A pregnant woman may be offered several prenatal tests throughout her pregnancy. Some tests - such as blood tests - are performed routinely on all pregnant women to determine blood type and iron levels. Other tests are done to screen patients for a condition they or the baby are at risk for developing.
Women who are over 35 years of age or those at risk of delivering a baby with birth defects may want to consider other tests, such as CVS (Chorionic Villus Sampling) and amniocentesis.
Some tests are done later in pregnancy to measure fetal well-being and assure that the baby is growing and developing at the expected rate.
The following links describe some of the more common prenatal tests. Your health care provider (and sometimes a genetic counselor) can help you determine which test(s) might be recommended for your pregnancy and assist you in making your decision(s).
Fetal Movement Counts
From 28 weeks of pregnancy until delivery, you can perform one of the best ways to keep track of a healthy baby through counting his/her movements. Healthy babies are very active, particularly in the evening after dinner. However, some perfectly normal babies may sleep quietly for as long as 60 minutes without moving. Babies who are having problems are usually sluggish and move less. Counting these movements can provide you and your doctor or midwife with a warning of developing problems.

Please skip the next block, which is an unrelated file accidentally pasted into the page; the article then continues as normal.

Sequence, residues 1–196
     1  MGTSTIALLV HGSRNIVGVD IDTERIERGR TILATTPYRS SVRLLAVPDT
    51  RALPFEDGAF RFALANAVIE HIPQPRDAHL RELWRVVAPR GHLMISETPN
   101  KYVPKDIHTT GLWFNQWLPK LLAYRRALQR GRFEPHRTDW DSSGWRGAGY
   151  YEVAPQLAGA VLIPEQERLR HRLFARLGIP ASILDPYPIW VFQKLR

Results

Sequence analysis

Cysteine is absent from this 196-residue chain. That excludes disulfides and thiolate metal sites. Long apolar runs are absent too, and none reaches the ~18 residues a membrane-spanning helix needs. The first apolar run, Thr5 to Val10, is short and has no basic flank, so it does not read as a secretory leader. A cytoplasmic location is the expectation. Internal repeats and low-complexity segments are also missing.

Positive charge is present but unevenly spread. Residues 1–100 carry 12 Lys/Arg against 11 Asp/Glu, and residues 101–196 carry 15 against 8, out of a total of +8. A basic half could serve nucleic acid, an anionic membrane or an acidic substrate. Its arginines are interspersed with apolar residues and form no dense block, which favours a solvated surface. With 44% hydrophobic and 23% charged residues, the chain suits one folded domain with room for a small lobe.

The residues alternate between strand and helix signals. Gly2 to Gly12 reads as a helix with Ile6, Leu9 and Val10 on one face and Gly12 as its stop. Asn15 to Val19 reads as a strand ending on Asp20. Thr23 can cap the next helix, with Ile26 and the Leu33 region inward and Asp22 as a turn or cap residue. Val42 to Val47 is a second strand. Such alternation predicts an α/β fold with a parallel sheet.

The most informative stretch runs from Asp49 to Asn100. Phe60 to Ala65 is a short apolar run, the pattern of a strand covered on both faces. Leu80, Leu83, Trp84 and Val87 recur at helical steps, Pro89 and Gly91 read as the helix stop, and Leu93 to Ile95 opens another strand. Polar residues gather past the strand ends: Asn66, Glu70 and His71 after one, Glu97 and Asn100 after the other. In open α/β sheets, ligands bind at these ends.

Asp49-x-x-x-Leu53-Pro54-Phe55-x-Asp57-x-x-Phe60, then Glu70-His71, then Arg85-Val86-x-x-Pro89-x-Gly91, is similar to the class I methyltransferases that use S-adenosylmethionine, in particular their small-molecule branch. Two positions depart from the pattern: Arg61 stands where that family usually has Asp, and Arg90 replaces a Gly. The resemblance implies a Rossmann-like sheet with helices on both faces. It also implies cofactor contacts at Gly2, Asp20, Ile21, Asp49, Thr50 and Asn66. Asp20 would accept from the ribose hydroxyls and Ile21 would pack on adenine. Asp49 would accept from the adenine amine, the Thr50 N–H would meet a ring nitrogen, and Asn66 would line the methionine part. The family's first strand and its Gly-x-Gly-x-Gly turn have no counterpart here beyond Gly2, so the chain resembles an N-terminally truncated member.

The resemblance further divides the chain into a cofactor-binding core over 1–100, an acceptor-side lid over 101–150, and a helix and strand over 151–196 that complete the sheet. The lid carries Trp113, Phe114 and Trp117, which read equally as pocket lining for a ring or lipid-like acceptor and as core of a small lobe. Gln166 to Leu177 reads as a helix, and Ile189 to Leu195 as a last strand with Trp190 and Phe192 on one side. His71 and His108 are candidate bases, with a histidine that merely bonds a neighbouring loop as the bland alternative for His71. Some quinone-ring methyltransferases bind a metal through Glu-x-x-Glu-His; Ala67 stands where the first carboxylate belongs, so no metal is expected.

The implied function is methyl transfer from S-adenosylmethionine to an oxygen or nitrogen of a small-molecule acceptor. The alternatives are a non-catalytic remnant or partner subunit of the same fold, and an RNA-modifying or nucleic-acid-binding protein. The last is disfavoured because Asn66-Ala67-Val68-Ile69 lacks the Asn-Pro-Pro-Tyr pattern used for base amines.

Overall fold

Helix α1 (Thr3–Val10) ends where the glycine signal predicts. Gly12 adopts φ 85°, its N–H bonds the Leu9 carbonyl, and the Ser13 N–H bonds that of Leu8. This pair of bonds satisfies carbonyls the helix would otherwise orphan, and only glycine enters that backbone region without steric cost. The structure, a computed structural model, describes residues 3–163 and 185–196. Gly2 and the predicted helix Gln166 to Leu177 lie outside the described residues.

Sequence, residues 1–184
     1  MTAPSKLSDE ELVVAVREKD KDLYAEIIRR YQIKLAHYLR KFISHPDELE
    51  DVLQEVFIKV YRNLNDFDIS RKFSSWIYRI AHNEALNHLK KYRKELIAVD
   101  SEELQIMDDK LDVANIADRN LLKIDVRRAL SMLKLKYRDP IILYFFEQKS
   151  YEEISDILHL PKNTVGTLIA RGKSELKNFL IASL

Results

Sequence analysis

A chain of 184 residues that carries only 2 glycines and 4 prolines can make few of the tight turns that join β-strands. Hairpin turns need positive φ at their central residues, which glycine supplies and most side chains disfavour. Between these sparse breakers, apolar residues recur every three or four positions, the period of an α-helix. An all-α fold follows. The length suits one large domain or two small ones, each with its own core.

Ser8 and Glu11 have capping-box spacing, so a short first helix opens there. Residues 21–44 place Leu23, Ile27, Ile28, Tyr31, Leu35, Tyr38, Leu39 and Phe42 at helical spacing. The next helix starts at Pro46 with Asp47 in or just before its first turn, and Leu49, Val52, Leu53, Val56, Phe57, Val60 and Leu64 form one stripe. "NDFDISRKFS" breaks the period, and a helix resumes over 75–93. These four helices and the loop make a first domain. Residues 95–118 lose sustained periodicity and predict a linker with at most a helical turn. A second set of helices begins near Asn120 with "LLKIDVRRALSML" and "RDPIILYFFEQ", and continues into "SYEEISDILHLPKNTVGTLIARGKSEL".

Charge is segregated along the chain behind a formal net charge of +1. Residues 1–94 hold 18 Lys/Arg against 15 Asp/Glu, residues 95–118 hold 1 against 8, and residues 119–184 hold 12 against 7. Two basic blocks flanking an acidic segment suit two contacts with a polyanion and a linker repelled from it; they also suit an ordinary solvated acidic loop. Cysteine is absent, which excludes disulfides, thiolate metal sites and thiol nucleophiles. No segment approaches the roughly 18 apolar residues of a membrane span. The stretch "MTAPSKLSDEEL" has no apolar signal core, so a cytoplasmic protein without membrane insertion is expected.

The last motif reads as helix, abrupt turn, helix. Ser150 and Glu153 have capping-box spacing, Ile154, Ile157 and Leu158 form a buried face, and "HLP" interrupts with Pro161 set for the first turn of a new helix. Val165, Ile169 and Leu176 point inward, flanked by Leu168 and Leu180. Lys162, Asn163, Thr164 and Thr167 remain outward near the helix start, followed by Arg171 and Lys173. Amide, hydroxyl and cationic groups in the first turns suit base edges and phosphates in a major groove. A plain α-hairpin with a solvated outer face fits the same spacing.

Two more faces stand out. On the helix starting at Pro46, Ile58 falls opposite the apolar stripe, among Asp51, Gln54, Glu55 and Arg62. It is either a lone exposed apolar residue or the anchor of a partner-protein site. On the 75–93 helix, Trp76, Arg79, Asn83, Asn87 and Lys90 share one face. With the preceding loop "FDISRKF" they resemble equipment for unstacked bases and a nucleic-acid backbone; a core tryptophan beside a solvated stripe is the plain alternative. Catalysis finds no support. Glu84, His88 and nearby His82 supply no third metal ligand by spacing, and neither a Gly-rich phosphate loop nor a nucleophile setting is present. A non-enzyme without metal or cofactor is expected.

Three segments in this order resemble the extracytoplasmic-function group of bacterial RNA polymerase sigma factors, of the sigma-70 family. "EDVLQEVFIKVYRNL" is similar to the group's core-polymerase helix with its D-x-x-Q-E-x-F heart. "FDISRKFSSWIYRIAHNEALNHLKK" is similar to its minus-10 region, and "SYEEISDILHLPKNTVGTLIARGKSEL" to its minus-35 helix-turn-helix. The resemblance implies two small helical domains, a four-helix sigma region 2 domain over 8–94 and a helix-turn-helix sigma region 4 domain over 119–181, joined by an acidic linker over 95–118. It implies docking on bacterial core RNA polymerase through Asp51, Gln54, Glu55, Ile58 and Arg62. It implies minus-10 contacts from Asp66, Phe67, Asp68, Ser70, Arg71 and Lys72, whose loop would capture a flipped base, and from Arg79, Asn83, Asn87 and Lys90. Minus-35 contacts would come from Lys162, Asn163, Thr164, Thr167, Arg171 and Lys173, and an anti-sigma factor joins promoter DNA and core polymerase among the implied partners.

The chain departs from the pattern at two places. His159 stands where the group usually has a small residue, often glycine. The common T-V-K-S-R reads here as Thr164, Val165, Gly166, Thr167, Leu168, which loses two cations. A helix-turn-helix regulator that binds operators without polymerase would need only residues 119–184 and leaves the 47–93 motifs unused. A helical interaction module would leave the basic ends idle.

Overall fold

The instructions below are a way to help you and your health care provider be sure that your baby is feeling well.
- You may count at any time of the day, when you feel the baby is more active. For most women, this is in the evening after dinner when you are lying down and quiet. Lying on your side is best. Record the time that you start counting.
- Count ten separate times that the baby moves. A movement may be a kick, turn, or a flip of the baby.
- Record the time you feel the 10th movement. If you count 10 movements in less than one hour, stop counting until tomorrow.
- If one hour passes with less than 10 movements and you have been counting during the day, repeat the counting routine in the evening.
- The baby may move all 10 times in 1/2 hour or less.
- The baby may take up to one hour to move 10 times.
- The important thing is to know what is normal for your baby so you can tell your doctor or midwife that something different is happening.
Call your doctor or midwife if:
- You do not feel 10 movements in one hour.
- You have not felt the baby move all day.
- It is taking longer and longer each evening to get to the 10th movement.